For female baboons, maintaining close ties with mom and having supportive sisters can boost social ranking, according to a new study published in Animal Behaviour.
Previous work have suggested that social rank among female baboons is determined not by size or strength, but by nepotism: The higher the mother is ranked, the higher her daughter will be ranked. That's why researchers tend to believe that dominance rank in these baboons is determined at birth. “Daughters of high-ranking females generally mature more quickly, produce more offspring, and have better access to food and mates,” Susan Alberts of Duke University says in a news release. “It’s like being born with a silver spoon in your mouth.”
But baboons may have more social mobility than scientists previously thought.
A team led by Duke University’s Amanda Lea looked at how maternal and paternal relatives could influence a female’s rank as she grows up. They studied a population of yellow baboons (Papio cynocephalus) in Kenya, living near Mount Kilimanjaro, that has been under close observation since 1971.
To determine dominance rankings, they analyzed interactions between pairs of females from nine social groups using data spanning from 1977 to 2010. A higher-ranked female would harass those lower in the ranks, reminding them of her right to first dibs on food or nice resting spots. When she bares her teeth, lunges forward, or slaps the ground, the subordinate female cowers and grimaces in fear, then averts her gaze or just slinks away.
The team then compared each female’s social ranking at sexual maturity (or menarche, her age at her first period) with her ranking when she became a mother for the first time. This allowed them to track social mobility across early adulthood.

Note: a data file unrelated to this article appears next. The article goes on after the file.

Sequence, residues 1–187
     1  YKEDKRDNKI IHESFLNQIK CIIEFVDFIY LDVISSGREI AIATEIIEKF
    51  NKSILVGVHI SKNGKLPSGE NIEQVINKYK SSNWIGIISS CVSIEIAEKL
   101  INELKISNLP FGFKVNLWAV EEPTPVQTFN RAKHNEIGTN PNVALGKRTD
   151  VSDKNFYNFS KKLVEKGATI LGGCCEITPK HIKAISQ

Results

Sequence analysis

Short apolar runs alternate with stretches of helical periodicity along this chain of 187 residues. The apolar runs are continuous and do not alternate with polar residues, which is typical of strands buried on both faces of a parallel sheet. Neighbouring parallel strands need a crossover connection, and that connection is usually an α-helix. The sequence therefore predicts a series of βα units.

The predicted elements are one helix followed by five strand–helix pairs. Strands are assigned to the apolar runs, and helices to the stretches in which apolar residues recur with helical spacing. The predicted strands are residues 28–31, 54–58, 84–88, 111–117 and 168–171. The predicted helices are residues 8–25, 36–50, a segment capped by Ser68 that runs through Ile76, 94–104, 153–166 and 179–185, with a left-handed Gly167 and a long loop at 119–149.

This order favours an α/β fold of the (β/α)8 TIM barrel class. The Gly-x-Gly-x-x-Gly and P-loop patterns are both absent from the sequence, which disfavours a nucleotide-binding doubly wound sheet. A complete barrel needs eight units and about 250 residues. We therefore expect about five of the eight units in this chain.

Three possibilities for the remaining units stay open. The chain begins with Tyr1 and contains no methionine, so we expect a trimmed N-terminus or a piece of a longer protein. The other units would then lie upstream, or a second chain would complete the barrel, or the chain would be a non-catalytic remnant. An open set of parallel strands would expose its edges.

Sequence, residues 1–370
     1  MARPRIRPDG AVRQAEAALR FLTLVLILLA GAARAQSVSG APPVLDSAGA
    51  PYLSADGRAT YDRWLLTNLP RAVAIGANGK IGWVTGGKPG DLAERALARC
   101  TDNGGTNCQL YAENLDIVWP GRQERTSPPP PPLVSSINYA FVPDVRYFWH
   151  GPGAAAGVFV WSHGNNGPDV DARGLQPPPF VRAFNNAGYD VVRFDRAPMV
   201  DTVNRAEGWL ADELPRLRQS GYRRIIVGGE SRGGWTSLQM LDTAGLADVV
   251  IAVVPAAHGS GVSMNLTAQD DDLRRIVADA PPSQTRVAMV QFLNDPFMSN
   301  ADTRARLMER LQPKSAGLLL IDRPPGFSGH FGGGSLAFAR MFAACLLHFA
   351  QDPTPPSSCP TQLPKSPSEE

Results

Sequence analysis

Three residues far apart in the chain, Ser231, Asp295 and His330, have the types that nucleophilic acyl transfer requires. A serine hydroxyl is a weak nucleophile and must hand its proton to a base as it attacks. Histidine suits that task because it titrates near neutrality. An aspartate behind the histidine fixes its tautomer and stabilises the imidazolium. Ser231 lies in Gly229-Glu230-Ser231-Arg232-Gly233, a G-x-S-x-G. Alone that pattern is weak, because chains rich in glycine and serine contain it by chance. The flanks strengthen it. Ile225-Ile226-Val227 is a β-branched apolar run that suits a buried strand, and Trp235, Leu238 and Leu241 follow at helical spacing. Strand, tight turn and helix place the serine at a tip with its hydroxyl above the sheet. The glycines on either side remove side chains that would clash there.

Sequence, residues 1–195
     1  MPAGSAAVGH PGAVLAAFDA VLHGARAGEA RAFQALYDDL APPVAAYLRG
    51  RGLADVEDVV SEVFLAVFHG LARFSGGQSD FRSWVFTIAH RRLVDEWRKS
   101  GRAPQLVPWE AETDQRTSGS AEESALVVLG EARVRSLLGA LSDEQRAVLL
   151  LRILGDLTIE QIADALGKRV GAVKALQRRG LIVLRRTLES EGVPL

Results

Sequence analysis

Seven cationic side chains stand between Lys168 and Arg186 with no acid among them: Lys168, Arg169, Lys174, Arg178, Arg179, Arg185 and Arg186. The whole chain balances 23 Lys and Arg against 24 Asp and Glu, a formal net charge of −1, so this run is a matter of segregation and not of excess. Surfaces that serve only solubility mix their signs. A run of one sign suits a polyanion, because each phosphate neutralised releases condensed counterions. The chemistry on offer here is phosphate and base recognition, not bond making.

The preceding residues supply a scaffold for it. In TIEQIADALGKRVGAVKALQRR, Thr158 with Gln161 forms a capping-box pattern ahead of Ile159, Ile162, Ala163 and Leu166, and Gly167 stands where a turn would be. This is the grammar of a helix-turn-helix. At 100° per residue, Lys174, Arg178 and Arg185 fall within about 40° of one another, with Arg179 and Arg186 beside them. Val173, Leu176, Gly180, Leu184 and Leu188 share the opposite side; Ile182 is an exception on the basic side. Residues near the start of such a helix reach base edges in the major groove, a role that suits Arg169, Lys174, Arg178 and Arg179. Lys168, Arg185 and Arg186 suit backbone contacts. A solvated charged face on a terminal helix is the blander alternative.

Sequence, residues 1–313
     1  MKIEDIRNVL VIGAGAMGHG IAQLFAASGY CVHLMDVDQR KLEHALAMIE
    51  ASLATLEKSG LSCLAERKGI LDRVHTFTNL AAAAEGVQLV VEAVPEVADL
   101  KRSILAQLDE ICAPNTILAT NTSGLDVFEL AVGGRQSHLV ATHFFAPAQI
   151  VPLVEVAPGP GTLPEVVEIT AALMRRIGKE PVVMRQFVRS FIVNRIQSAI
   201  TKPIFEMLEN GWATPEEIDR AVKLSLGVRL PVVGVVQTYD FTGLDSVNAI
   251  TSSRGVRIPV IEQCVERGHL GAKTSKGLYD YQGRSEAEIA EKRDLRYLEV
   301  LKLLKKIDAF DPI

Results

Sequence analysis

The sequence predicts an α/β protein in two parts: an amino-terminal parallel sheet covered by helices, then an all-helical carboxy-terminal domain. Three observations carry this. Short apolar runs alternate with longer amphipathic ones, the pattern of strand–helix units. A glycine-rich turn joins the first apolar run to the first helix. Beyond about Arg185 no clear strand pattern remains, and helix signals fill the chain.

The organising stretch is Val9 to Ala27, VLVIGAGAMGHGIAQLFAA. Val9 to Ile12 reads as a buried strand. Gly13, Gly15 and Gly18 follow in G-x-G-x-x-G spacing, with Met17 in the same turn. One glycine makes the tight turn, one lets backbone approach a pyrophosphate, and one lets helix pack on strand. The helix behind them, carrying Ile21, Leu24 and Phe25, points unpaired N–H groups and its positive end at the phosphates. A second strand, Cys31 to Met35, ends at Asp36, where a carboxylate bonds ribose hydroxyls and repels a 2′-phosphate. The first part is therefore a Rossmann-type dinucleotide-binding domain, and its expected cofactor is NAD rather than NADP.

By the time they became mothers, 22 percent of the females either climbed up or fell down the baboon social ladder. The team found strong evidence that the support of mothers and maternal sisters were behind these changes.
Females who had slipped in the ranks had mothers who spent less time with them while they were growing up. This could happen if their group split, or if the mothers died before their daughters reached adulthood. The team saw this happen with a young female named Abby, whose mother died when she was two; Abby never achieved her expected rank. Mothers intervene on behalf of their daughters in any playground spats over food or mates, helping to ensure their daughters’ place in the pecking order, Alberts explains.
The team also found that females with more sisters were more likely to reach their expected rank. The reason: Sisters gang up on unrelated rivals. Older sisters help out their younger sisters when it comes to out-competing females from other families. However, there’s a double-edged sword here: The more sisters a female has, the less likely they’ll surrender their own position to the younger ones.
Males, however, mate with multiple partners, so their allegiances are murkier. They found no evidence that male or paternal relatives affect female dominance rank.
[Via Duke University]